3. If you can’t invest in tools then execute those tasks in batch that will support you for a longer term. For example, on a weekend cook a lot of food that you can eat throughout the week or month; an effort that will save you time to cook meals.  
    7. Remove distractions such as emails, social media updates, app updates, text messages, and spam phone calls that distract you from deep work
      1. Ideally put someone in place that will manage issues that require reactive action
      2. Coach resources so they can think and make good decisions independently. The goal here is to not bottleneck progress on your approval and direction. Coaching means asking questions to get a team member to realize the path to satisfying an objective within themselves. Coaching works the best when you already know a path to the end goal. However, if you approach the discussion from an exploratory point of view then you are more likely to decentralize decision making and not get stuck in solving problems that you are intending to delegate.  
    8. Take care of your physical and mental health
      1. This is similar to the last point around eliminating distractions. A good example is not getting enough sleep. Feeling tired through out your day means that you steadily make less progress day over day. Additionally, this is almost more of a time management issue. If you don’t get enough sleep in the evening eventually you will need to nap. If this happens then you get thrown out of your routine and when that happens then you are likely to at least lose a day of progress. That said, it is likely more than just a day and when that happens it is difficult to get back on track; a result that means it is more unlikely to satisfy your long term goal.  
    9. Limit TV, video games, and social media that suck you in or outrage you
      1. If you want to achieve a long term goal then avoid any activities that distract you for a long period of time. Sometimes disconnecting and doing something different can allow your mind to come up with new ideas. However, if you spend most of your day arguing with people about political issues on Twitter, looking at dancing videos on TikTok, or playing online Battle Royale or Role Playing Games then you will be unlikely to have the energy and focus to achieve your long term goals. It is really that simple. If you don’t plan for and take the time to work towards your goals you’ll never get there.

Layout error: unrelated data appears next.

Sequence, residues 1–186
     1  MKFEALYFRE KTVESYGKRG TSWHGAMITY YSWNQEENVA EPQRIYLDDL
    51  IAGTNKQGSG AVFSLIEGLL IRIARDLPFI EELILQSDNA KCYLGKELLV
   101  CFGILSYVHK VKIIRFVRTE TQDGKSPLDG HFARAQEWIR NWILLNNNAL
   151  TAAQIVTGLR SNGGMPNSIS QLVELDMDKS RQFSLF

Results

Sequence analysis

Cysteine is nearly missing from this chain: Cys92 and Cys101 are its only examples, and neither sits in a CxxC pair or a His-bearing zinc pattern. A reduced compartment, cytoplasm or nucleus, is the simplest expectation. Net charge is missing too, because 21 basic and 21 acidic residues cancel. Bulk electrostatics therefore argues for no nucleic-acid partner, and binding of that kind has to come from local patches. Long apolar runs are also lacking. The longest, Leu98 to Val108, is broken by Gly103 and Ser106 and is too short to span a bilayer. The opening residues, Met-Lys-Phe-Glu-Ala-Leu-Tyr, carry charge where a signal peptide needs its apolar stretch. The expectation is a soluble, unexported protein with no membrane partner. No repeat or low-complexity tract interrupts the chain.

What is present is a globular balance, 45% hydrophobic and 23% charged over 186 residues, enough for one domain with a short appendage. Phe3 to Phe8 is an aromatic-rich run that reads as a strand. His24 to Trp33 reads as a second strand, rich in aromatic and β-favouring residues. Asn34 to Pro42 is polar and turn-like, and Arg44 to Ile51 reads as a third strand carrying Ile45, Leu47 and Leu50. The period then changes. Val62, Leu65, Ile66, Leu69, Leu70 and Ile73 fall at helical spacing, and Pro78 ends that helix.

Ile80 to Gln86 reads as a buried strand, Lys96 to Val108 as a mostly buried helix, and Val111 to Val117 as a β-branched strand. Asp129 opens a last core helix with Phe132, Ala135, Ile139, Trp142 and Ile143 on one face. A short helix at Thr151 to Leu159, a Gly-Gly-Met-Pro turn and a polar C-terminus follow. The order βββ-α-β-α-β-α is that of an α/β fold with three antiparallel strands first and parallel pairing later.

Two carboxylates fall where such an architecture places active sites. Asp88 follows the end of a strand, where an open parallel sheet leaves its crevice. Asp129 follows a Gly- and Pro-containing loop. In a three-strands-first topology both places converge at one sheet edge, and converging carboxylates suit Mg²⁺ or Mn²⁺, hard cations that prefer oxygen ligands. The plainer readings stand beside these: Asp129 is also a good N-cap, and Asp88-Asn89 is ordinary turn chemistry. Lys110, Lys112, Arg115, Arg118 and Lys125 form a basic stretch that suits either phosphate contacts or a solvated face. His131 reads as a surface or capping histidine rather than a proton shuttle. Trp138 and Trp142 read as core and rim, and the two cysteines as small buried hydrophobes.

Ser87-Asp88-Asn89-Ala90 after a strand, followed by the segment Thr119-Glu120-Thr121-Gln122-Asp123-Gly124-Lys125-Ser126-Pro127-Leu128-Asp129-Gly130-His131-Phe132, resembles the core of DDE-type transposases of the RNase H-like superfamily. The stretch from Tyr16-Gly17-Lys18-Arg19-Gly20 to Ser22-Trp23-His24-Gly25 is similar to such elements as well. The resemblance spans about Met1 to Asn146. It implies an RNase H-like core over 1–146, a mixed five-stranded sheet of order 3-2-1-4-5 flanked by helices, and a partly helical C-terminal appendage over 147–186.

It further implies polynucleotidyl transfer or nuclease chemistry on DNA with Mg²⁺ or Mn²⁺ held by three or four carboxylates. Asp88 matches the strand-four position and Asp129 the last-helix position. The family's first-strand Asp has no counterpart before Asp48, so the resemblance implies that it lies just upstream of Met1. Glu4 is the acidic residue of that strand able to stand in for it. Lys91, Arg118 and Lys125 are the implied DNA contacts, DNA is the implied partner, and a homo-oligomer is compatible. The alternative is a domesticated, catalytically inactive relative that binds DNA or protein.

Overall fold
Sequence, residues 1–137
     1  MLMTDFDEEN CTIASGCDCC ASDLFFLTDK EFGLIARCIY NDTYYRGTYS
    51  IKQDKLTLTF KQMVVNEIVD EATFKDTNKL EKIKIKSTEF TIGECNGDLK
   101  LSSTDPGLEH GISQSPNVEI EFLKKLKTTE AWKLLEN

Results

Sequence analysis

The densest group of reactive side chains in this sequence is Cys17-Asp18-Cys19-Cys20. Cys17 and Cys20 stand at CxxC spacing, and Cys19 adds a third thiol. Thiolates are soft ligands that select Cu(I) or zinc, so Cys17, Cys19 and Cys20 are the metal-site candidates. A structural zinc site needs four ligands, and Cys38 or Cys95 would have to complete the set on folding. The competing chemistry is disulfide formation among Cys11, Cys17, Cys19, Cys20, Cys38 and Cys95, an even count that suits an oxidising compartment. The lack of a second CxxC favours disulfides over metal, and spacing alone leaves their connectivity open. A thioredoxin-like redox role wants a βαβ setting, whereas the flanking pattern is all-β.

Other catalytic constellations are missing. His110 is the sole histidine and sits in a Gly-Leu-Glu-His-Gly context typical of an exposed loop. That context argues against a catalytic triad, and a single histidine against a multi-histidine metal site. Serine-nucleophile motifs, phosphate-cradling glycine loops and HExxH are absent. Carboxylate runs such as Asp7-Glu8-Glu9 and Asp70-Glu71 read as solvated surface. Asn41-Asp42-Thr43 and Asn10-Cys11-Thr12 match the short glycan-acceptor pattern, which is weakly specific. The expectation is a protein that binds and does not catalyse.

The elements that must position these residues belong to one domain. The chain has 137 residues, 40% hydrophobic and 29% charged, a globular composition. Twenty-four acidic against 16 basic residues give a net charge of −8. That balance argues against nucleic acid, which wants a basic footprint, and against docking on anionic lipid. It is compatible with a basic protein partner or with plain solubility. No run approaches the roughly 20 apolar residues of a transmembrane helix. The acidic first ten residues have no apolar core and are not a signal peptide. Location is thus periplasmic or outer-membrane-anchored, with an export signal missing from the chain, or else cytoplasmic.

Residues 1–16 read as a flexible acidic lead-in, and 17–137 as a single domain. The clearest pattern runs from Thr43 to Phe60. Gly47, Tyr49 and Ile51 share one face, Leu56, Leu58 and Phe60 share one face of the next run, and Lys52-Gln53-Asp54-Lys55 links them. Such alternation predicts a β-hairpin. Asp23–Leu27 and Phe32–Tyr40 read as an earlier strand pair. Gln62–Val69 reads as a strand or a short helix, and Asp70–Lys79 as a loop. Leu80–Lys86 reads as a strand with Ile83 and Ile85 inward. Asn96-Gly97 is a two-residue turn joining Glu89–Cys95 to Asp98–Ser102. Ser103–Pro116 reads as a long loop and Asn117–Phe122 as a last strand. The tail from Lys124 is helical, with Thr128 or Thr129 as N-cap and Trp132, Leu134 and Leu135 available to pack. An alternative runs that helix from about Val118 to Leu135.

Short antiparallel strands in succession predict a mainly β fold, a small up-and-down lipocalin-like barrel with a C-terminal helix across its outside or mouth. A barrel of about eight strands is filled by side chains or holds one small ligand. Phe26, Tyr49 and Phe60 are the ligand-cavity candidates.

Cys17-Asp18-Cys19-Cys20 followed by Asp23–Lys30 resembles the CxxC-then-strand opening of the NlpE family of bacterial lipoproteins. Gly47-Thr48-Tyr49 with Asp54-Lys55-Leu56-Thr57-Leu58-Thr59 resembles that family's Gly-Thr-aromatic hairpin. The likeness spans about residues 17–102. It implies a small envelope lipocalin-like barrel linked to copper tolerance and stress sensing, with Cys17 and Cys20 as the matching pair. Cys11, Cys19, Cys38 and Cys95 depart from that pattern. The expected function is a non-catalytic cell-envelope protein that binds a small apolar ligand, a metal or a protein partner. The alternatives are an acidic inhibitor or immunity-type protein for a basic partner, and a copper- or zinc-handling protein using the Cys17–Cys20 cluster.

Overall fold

10.  Limit time with negative people or who take you off of your goals
      1. Thinking negatively is really a productivity killer because you stop taking action to make progress because you feel it isn’t effective and pointless. When I think negatively about a long term goal I notice that I just stop working on it; a thought process that is really irrational. The reality that I’ve experienced is that even marginal daily consistency will at least put you on a path to your goals. The only way you get there is to just get and keep going. It is almost better to focus on the activity rather than obsess about the results. When you spend a lot of time with negative people than it is easier to slip into this sort of pessimistic thinking and stop working. 
      2. Most of the time this happens when I’ve made some progress then I for whatever reason lose the ground that I’ve gained. So, the easy answer to this is to put measures in that mitigate risk but even if this happens just start over and lay the foundation. Think positively but do something about problems that arise. 

2. Manage Group Conflicting Priorities

    1. Learn to manage conflicting priorities by following the steps above. 
    2. Prepare for meetings and send out a meeting agenda at least a day before. 
    3. De-escalate anxiety.
      1. De-escalate the anxiety level of everyone involved (most importantly yourself). Once you are calm then you can help everyone else too. Speaking slowly, speaking in an even tone, and documenting discussions to organize will help to get everyone to calm down. Facilitate communication and focus the team towards a common goal.
    4. Define a concrete common goal, state it verbally, and then write it down. 
    5. Redirect discussions to focus on topics that progress towards the common goal.
      1. After each meeting send an email out the agreements and decisions made to the team members. This will make it more difficult for team members to deviate from the agreed upon path.
    6. Document progress and recap the conversations for the team. 

About the Author

Leave a Reply

Your email address will not be published. Required fields are marked *

You may also like these

%d bloggers like this: